You have the authority to remove names from your mortgage by either contacting your lender or servicer and inquiring about modification, or working with a mortgage lawyer.
Sell your house
If neither borrower can pay the mortgage on their own, the only alternative may be to sell the property.
In many areas of the nation, there is presently a strong seller’s market because housing has been in short supply for some time. Thus, homeowners may be able to get a great offer on their property.
A “short sale” is a property sale in which the net proceeds don’t cover all the liens on the property. This may become necessary if your mortgage debt exceeds the value of your home.
On the other hand, if real estate prices have decreased rather than increased, selling your home could pose more of a challenge — especially if you bought it recently and made only the minimum down payment.
If your mortgage lender sells your house in foreclosure, they can sue you for the deficiency which is the difference between what was owed on the mortgage and what the property sold for. In many cases though, lenders do not pursue the borrowers for this balance.
Although if the mortgage lender does release the borrower from this liability, their credit score as well as their spouse’s will be impacted negatively by a short sale.
Keep the mortgage
Both of you could agree to pay the mortgage. This may work, especially if both people choose to stay in the home. As a result, both individuals have an incentive to keep up with the payments.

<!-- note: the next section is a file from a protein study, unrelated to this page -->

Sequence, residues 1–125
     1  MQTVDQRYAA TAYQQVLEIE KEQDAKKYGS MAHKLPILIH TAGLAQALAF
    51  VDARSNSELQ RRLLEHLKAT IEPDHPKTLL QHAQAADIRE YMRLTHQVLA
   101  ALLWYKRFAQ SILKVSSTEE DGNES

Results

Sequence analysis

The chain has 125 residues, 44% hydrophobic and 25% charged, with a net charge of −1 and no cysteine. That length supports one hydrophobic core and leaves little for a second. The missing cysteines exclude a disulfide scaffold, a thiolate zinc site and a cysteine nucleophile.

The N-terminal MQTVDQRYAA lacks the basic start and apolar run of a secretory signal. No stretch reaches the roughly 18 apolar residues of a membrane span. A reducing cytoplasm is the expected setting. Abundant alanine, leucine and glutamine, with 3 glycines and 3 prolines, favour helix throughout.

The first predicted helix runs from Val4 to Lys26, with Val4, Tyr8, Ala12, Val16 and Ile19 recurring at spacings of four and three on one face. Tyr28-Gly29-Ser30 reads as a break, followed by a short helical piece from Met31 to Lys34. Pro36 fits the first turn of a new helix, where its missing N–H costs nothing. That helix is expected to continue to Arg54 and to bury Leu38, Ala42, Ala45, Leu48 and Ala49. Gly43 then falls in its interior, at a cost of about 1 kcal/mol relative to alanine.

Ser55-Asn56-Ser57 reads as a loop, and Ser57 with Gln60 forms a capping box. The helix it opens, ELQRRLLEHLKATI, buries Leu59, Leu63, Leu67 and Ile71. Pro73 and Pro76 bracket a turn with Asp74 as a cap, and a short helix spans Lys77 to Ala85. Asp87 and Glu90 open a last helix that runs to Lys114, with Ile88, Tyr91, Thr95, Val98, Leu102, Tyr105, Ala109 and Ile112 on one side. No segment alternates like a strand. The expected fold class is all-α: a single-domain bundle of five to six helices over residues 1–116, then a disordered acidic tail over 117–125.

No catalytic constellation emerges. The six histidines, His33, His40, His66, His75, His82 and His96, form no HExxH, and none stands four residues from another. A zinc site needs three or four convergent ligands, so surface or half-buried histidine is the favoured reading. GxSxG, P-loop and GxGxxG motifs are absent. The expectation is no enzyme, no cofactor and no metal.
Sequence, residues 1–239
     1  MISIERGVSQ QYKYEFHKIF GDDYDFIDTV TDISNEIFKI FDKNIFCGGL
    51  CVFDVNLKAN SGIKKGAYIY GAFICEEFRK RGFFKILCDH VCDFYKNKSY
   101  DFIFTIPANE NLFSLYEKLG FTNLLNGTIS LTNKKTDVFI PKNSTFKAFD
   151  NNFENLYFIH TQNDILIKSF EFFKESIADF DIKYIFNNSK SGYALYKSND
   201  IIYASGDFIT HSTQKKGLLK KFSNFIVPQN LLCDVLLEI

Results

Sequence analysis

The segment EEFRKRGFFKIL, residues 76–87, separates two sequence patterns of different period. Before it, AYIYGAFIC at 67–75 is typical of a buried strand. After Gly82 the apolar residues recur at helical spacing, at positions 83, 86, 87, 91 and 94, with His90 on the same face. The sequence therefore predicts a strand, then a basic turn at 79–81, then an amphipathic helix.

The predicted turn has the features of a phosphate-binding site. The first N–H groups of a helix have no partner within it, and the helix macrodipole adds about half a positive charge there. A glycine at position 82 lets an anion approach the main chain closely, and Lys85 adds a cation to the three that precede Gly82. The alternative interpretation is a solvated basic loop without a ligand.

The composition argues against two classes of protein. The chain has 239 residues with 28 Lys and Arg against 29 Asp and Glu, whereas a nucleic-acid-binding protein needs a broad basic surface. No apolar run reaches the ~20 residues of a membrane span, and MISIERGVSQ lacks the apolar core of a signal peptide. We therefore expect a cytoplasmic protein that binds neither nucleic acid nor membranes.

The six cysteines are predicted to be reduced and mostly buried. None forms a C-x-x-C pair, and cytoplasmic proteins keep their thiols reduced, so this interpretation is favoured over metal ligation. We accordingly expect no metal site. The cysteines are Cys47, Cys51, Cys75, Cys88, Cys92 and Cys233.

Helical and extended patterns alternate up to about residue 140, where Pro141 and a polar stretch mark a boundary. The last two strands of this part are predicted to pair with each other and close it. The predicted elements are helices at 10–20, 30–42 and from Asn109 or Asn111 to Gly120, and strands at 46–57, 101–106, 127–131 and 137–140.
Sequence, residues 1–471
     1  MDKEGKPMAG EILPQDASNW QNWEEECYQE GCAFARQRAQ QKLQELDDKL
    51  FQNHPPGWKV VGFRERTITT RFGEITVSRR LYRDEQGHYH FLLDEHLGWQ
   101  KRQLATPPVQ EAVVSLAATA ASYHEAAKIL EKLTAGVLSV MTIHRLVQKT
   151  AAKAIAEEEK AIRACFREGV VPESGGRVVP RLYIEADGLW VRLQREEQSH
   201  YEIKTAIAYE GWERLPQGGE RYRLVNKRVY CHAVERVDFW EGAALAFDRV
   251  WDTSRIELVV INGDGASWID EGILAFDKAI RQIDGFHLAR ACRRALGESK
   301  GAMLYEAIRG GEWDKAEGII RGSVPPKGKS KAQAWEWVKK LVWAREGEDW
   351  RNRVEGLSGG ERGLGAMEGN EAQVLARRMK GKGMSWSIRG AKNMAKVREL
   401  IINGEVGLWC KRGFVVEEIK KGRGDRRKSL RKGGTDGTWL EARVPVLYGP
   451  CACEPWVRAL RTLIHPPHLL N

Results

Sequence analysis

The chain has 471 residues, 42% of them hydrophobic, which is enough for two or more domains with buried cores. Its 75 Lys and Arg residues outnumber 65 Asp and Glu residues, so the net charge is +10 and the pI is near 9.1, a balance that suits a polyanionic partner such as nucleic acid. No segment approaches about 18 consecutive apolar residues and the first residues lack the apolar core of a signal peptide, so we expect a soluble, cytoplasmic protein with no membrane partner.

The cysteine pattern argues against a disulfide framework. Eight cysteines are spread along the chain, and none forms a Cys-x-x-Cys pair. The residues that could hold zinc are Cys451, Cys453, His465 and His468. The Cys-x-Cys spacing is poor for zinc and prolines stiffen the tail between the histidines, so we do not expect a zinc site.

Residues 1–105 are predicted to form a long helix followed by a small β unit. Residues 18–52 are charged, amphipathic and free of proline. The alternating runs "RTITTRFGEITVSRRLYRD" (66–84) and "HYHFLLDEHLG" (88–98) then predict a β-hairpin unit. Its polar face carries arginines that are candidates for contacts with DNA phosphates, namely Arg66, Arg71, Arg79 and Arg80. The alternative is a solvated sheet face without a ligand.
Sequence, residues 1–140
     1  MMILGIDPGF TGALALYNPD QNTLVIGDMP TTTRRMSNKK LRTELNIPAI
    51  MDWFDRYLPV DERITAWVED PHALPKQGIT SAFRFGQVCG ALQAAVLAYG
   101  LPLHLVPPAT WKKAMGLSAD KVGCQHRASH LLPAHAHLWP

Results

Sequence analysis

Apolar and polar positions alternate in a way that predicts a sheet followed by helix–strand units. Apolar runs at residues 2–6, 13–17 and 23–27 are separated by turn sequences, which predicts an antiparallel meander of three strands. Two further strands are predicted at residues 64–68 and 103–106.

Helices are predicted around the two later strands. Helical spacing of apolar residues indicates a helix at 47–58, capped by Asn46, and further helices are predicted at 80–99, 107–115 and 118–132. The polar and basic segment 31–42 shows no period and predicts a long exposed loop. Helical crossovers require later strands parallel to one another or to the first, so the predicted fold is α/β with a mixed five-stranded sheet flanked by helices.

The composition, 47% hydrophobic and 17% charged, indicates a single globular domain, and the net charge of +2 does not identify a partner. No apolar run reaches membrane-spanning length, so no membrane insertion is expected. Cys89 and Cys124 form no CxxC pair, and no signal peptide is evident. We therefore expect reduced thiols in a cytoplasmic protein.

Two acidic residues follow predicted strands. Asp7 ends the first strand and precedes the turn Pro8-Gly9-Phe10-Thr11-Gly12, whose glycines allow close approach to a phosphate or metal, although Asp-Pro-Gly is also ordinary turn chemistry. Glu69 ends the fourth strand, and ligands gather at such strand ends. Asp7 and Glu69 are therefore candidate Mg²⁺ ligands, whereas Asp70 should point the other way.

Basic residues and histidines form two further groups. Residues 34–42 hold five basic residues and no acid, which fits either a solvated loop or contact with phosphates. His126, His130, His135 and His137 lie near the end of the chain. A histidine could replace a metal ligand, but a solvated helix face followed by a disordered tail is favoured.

However, if you stop making payments, the house could go into foreclosure and your credit score will plummet. If you have to remain joint borrowers with your co-borrower, talk to a lawyer first. A lawyer may be able to help safeguard your finances if your former partner stops paying.
Do I need an attorney to remove my name from a mortgage?
If you are splitting up with your partner and own a property together, you may need a conveyancing solicitor to carry out what is known as a property settlement.
Selling equity, regardless of whether money changes hands, necessitates the changing of paperwork and the deed to your property’s name by an attorney.
It does not necessarily imply that any cash changes hands when one partner’s equity is transferred to another. Couples might decide what value they wish to trade the marital propertyfor themselves.
Equities can also be exchanged for items such as vehicles or housewares. An ex-partner might even agree to have his name removed from the deeds for free.
If a property exchange is being suggested, you should speak with your attorney so that he or she can help you calculate the value of your home’s equity as well as the potential risks involved with such an arrangement.
What happens when you have a joint mortgage and split up?
If you and your partner jointly invest in a mortgage, both of you have an equal say over the property. This means that if you are no longer together, each party still has the right to live there. A joint mortgage also implies that you are equally responsible for your mortgage payments. If you have a joint mortgage with someone, each of you has an equal stake in the property. This implies that if you separate, each of you retains the right to live there. It also means that you are equally liable for repayments on your loan.